Sunday, June 19, 2011


I am allergic to dogs. I dislike the way they chew my books. The puppy ate all four corners of my piano bench. They steal food from high places they shouldn't be able to reach. They come breathe in your face when you are trying to nap on the couch. They drag in redwood needles on their fur and their muddy paws track dirt on my floor. They bark at passers by. So naturally, I have three of them.

Yesterday on my run in the woods, I took them each out for a loop. My two young ones were pretty zonked by the end of their loop. It was rather pathetic, actually. Miles, the puppy poodle, cannot seem to understand the point of running at all. He loves to play chase with our neighbor poodle Francie, and those two will run all day if we let them, but ask him to run at my side and he stares at you perplexed, occasionally giving you that poodle head tilt, which is a combination of goofy and sublime. One or twice yesterday, he sat down and dug his paws in. I loved him up and he seemed willing to give it another shot. I will teach this dog to run. I will.

I am preparing my heart. My best running companion for years now is getting old. Pushing 90 if you believe the dog:human years system. He used to go deep in the woods with me, running for 90 minutes or longer sometimes. He could hear me putting on my running shoes from across the house. Seriously, he can tell my running shoes apart from every other pair of shoes I own. How does he do that? But now, he is nearly deaf, and his cataracts an alarming silvery hue. A few weeks back, he could barely walk from his arthritis. Since then we have him on NSAIDs, and they are truly a miracle for him. So yesterday, when I was doing my loops in the woods and he was begging me with his happy voice and his rotatory tail wag and his old man puppy dance, I decided to take a chance on running with him, just hoping I wouldn't cause him pain.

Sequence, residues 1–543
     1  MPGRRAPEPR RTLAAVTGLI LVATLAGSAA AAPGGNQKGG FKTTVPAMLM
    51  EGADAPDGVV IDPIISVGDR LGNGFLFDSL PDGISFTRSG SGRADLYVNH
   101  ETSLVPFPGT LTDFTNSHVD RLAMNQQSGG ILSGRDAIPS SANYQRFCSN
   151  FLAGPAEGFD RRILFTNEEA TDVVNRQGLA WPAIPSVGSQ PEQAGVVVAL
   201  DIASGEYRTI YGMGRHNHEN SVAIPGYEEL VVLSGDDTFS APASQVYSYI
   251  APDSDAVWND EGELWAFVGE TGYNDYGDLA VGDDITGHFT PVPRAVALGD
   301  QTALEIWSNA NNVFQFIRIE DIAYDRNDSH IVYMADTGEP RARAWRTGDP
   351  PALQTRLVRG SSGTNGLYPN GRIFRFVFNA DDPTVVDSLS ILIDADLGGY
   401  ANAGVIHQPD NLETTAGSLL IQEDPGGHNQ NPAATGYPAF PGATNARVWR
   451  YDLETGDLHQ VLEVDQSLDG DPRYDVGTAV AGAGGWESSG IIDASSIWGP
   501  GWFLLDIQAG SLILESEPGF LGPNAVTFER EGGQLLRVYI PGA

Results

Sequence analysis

We have put in so many hours together in the woods, at the beach. He sometimes drags large sticks while running. On spring days in the woods he'll jump in the creek and look for rocks to play with (a certain passion of his). He catches snakes. He treed a squirrel once. He even briefly chased a mountain lion a few years back, which was terrifying for both of us I think. Buster is a working dog, and for him, running with me is his job. He understands me, and his passion for the run may even surpass my own.
Yesterday, despite my fears, Buster outran his younger pack members. He gives me hope for my aging body. He is worth every sneeze and debilitating allergy attack, every stolen and half eaten sack of flour spread all over my living room floor, every house full of sand after a trip to the beach. I'll take his doggy breath and his incessant need to play ball. He's my best running friend.

1 comment:

  1. A dog could not ask for a better tribute. I had a dog named Butch while growing up in New Orleans. He protected me from attacks by an untold number of chameleons which inhabited the bushes around our house. I'm sure he was as proud of that as Buster was for standing up to the mountain lion. But maybe not as scared. Thanks for sharing his story. I hope he has many more NSAID-aided miles to go.